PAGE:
To mark the 10th anniversary of Now Playing Podcast in 2017, hosts and staff are looking back at defining moments throughout the show’s history.
This week a Now Playing Podcast listener generously pointed out that Jan. 9, 2017 marked the eighth anniversary of the show’s first retrospective series, Friday the 13th. While eight years – the bronze and pottery anniversary – doesn’t get the attention of 10 or 15 years, there are a couple of reasons Now Playing listeners will want to look back on the occasion.
A New Beginning
Today’s listeners take for granted Now Playing’s weekly releases, the hosts’ heavy research, detailed plot summaries, and professional production value. But before that first retrospective in 2009, the show was still finding its footing. Episodes were released once or twice a month, with revolving pairs of hosts, and, most notably, very brief runtimes. Most shows averaged about 20 minutes, a far cry from the 90-120 minute format it’s known for today.
Those Friday the 13th reviews started Now Playing on the path, but at the time it was just an experiment. With a reboot of the series on the way, the idea was to go back and review all previous entries (unusual for a show that largely focused on week-of releases and had “Now Playing” in the title), take a new approach to the editing process, and add a third host.
Brock: “Friday the 13th was my first introduction to Stuart. I remember Arnie telling me he had a friend in mind for the third host – the one who did the Clone Wars cartoon movie review – but [Arnie] wasn’t sure if Stuart would want to do it.”
Arnie: “Stuart had also done the review of Midnight Meat Train with me and that long-time friendship led to great chemistry on the mic.”
Stuart: “I remember feeling uncertain about the necessity of a retrospective, or what I could contribute. I was very reserved, and was actually playing chess on my computer until my mouse clicking busted me. [I thought], ‘You mean I can’t do that?’”
Brock: “Those first few shows were not only an experiment in format, but also in our chemistry.”
Arnie: “We were getting a feel for what we were doing. My notes were scattered, Brock didn’t want to share points ahead of time, and Stuart sent long, written reviews of each film before recording.”
Here is an excerpt from Stuart’s write-up of Friday the 13th: The Final Chapter:
I’m now convinced there never was much merit to this series, and the only reason it was so profitable was because it was created the ideal date scenario for teens in the 80s. Kids snuck off to watch a forbidden R-rated movie where they would be stimulated by nudity, sex, and violence. And like a gateway drug, watching would lead to doing and I wish we had statistics on how many station wagon back seats saw action post-screening. And since they came out in such quick succession, and movies didn’t get rushed to videotape in less than a year, you could practically guarantee that you could attend a FRIDAY film and get laid at a theatre or drive-in near you whenever you could land a date. Who would have guessed Jason had so much in common with Dr. Ruth? And why do I keep having to review soft porn like it’s worthy of intellectual discourse?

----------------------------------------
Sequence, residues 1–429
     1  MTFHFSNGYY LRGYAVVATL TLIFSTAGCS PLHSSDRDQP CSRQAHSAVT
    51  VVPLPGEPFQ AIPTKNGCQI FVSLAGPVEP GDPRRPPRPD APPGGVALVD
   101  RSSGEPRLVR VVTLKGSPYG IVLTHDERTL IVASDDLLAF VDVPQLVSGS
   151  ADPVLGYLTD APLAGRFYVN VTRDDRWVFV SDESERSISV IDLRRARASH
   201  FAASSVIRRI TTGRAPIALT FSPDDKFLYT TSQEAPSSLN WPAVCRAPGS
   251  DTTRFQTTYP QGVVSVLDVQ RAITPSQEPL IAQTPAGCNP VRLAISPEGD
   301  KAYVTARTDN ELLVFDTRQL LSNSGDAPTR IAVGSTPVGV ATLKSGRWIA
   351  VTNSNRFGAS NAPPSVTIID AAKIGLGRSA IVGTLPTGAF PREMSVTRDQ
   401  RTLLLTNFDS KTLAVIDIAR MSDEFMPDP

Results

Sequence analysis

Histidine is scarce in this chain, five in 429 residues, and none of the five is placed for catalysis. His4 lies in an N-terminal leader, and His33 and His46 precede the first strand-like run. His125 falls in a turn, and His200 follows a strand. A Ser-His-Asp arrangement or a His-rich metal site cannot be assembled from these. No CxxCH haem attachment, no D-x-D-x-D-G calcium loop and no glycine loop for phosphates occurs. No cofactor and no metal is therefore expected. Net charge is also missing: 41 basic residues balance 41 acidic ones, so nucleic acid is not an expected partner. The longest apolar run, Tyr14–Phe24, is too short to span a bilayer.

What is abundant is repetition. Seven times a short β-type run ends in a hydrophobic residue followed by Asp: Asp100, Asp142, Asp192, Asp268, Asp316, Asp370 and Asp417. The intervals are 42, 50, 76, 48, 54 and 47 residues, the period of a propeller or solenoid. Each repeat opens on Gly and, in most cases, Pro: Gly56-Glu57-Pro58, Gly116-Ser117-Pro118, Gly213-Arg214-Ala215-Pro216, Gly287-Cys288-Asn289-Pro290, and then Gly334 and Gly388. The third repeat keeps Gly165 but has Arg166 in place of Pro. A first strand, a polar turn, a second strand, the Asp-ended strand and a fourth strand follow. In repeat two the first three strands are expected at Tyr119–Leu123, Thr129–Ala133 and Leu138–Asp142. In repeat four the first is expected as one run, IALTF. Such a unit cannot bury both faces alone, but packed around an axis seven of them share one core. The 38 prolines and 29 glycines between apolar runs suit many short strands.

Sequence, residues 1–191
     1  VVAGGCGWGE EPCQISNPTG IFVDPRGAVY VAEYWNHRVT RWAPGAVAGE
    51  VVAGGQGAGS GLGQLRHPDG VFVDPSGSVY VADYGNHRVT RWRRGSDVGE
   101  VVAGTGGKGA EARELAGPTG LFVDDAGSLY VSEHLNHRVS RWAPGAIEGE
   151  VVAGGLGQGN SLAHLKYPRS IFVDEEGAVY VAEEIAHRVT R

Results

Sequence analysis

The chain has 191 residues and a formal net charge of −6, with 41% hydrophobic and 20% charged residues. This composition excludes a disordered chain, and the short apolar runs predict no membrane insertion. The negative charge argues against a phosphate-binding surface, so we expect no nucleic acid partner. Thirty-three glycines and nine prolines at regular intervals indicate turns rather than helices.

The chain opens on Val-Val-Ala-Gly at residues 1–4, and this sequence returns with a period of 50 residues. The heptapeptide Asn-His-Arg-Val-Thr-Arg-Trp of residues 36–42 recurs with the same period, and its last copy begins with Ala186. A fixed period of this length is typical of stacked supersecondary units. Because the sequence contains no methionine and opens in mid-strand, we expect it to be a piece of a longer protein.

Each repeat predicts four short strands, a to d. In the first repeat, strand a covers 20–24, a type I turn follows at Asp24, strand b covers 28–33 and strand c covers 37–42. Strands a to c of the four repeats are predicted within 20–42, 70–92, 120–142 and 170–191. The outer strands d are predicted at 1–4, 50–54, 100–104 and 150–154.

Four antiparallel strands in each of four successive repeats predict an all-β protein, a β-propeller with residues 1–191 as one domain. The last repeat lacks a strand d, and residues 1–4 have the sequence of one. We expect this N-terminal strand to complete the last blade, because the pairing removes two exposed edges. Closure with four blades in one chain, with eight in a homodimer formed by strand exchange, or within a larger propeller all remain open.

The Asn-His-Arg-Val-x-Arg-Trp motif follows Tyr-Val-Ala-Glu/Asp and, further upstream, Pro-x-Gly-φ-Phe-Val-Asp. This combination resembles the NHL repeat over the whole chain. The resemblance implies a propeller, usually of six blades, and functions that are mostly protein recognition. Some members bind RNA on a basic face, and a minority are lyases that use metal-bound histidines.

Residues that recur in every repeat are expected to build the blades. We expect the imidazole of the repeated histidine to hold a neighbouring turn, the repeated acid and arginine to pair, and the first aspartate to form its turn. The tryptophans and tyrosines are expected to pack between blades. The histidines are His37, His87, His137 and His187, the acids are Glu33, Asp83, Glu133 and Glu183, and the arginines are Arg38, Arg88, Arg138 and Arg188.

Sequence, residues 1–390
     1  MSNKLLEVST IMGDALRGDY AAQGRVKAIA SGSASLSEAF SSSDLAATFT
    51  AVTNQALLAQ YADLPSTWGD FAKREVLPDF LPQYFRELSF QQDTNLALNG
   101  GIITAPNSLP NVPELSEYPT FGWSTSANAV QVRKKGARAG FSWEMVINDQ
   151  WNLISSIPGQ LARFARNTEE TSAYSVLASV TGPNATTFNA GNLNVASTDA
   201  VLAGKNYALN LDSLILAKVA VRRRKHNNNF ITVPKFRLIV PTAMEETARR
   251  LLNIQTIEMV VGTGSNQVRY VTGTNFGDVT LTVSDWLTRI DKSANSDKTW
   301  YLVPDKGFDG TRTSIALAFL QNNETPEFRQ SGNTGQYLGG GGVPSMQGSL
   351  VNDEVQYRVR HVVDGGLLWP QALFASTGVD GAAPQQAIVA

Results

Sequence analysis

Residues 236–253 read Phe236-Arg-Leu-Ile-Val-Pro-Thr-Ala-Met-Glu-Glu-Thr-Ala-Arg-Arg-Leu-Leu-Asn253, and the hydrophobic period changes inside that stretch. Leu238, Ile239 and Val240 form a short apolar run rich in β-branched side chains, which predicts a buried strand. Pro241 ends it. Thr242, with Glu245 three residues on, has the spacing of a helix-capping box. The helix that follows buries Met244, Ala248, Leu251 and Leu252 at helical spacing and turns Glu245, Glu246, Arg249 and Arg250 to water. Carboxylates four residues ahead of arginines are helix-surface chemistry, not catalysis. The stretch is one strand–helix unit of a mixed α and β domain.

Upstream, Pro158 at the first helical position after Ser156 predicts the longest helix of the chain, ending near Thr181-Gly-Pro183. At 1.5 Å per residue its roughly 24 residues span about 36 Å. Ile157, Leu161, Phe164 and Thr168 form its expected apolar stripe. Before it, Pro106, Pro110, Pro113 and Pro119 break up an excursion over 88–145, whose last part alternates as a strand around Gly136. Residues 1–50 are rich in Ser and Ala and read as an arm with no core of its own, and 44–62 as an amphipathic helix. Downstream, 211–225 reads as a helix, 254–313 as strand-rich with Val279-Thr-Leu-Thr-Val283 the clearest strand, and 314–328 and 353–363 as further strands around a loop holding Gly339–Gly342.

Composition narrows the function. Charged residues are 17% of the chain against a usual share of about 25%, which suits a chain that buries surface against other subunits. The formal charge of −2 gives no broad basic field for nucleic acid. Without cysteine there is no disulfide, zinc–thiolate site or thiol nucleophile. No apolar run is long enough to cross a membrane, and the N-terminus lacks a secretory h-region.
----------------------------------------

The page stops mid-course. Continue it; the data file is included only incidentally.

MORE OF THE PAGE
Brock: “I remember editing some of the Friday the 13th shows and how (by today’s standards) rudimentary our tracks were that it made for some, let’s call them ‘challenges’ in the editing process.
Arnie: “It was intended that each movie recording would be only 10 minutes. When I started sending notes Brock was afraid the shows would be too long.”
Brock: “Once the download numbers started coming in and the response we were getting exceeded all expectations Arnie and I were just blown away. We knew we hit in something. “
Arnie: “Before the Friday the 13th series we would get between 50 and 500 hits per show. With Friday the 13th we started at 5,000 and went up from there. I remember being ecstatic at getting 40,000 downloads in one month!”
Brock: “And then I advocated we do Star Trek as a follow up. That was a tight window but we made it and well, look where Now Playing is now.”
The eighth anniversary of Now Playing’s Friday the 13th retrospective is also a reminder that it’s been eight, EIGHT years since we last saw Jason Voorhees on screen. Proposals for a sequel, reboot, and television series have been discussed for years, but the most significant (and it is significant) development for the property has been Gun Media’s Kickstarter-funded Friday the 13th video game, which is expected to be released later this year.
As for the next theatrical film, that’s anybody’s guess. The Now Playing hosts will be there, but they’re not holding their collective breaths for any of the rumored release dates.
Arnie: “I expected a sequel in 2011 or 2012, especially after seeing the huge opening for the 2009 film.”
Stuart: “That Platinum Dunes reboot was not something to build on (ditto Freddy) so it doesn’t surprise me that they’ve been unable to come up with a proper sequel. That said, I thought for sure we’d have another TV series. A CW show with kids at a lake house that worry about pimples, peer pressure, and getting impaled by a guy in a hockey mask.”
Brock: “Studios keep coming back to Leatherface and his chainsaw, so it is only a matter of time before Jason dons the hockey mask once again.”
Arnie: “Paramount does have that new film about to go into production (theoretically). Is it coming out this year? It’s supposed to shoot this Spring for release…October? Next February? With so many false starts (the found footage idea being the worst) I’m not making any plans just yet. I’m ready to go camping whenever Jason returns to Crystal Lake, and hey, this Friday is Friday the 13th!”
Now Playing Podcast’s Friday the 13th Retrospective Series was released from January 9 to Feb. 20, 2009. The 13 episode series can be heard on the Now Playing Podcast website.